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5 Reasons Why Black Males Won't Become Teachers

On Monday, January 31st, filmmaker Spike Lee joined Secretary of Education Arne Duncan at Morehouse College, in Atlanta, GA for a town hall meeting. The purpose of the convening, which was attended by high school and college Black males, was to issue a call for more Black teachers in America.


This speech is not new for Duncan who gave a similar speech at a gathering of the National Council of Las Raza last year. In that speech he stated, “Latino and black males make up just 3.5 percent of America’s teachers.”


Nearly 40 percent of public school students are Black or Latino. In many school districts this statistic hovers above 90 percent. With a teaching force of 3 million, less than 8 percent are Black and fewer than 4 percent are Hispanic/Latino. In schools inside central cities, 73 percent of teachers are white. In urban schools outside of central cities, 91 percent of public school teachers are white.


Historically, the teaching profession is highly regarded in the Black community. Before the 1954 Brown vs. Board of Education decision, those who were able to attend college, oftentimes returned to their neighborhoods to teach in all-black schools. But over the decades the numbers of Black teachers have diminished, causing national attention.



So why aren’t Black males becoming teachers?


1. Too many opportunities for growth

The percentage of Black male college graduates is the smallest of any other gender/race group in the United States. Due to their small numbers, many graduates are in high demand. And unlike the 1960s, there isn’t a profession that is ‘off-limits’ to Blacks.


For those graduates who do go into teaching, they don’t seem to last very long. When I first became a teacher my principal and vice-principal were Black males. They were the only ones on staff. Since then I have been on the faculty of other schools and I have never had a Black male as a teacher colleague. However, I have had interactions with Black males who are working at the administrative level. Male teachers often teach for a few years and are quickly picked for higher positions within schools or at the district level.


2. Salary

Let’s face it, a first year teacher’s salary can barely pay a monthly student loan bill. The average national teaching salary is less than $50,000. In many cities, this narrowly qualifies as middle-class.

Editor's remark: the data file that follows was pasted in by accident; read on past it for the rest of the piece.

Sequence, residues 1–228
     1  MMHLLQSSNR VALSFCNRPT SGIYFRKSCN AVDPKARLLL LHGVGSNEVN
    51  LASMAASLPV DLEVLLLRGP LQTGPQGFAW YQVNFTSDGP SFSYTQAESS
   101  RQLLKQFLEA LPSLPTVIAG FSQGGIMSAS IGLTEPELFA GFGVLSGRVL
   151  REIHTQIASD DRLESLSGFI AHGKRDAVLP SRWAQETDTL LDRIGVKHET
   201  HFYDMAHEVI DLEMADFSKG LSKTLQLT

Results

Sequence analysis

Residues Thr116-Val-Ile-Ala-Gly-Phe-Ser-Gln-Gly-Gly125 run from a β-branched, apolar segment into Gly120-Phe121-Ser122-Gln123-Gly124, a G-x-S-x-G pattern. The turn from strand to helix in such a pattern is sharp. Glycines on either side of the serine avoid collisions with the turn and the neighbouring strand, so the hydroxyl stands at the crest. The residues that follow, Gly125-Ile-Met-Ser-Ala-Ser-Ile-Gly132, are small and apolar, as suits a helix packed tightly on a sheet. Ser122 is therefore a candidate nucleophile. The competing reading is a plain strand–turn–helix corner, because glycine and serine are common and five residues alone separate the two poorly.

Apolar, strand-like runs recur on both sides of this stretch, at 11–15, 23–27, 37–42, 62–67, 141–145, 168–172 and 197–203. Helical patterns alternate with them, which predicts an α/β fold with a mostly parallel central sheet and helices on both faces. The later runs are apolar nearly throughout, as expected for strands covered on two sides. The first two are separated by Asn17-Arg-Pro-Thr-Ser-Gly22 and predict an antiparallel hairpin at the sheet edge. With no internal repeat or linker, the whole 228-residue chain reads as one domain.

For many Blacks, they are the first generation attending college. There’s a great burden on them to not only graduate but to sustain themselves. There are times when new graduates are also asked to support family members who are struggling. Few have the luxury of support from family members to take care of any accrued costs during the college years.





3. Not considered a professional

We are not in Finland or Shanghai. Teachers are not highly regarded or respected as professionals in the United States. With the establishment of programs such as Teach for America, teaching is only seen as a stepping stone to a real career.


When former NYC Mayor Giuliani started the NYC Teaching Fellows, it started a storm of alternative paths to become a teacher. The impression was given that anyone could become a teacher with a 6-week training.



4. Limited Access

The road to the classroom is often filled with standardized tests and burdensome forms. Unless you are in a program such as Teach for America or the Teaching Fellows, the roadmap to navigate the certification system is long and treacherous.


Blacks are not performing well on standardized exams. When New York State began to require certification for NYC teachers in 1998 the number of Black teachers declined dramatically. According to a state report, in the 2006-07 school year, Blacks made up just 4% of newly certified teachers who identified their race. The exams have kept many willing teaching candidates outside of the classrooms or regulated to substitute teaching roles.



5. Machismo

Teaching is predominately a female profession. Teachers not only provide information, they also nurture and care. This combination of characteristics is perceived to favor the female gender.


The call for more Black male teachers is real. I’m just not sure we can overcome the factors keeping them away. Do you have any other reasons for this dilemma?


This post is part of the Those Who Can, Teach series. For the month of February these posts will focus on the Black Educator.

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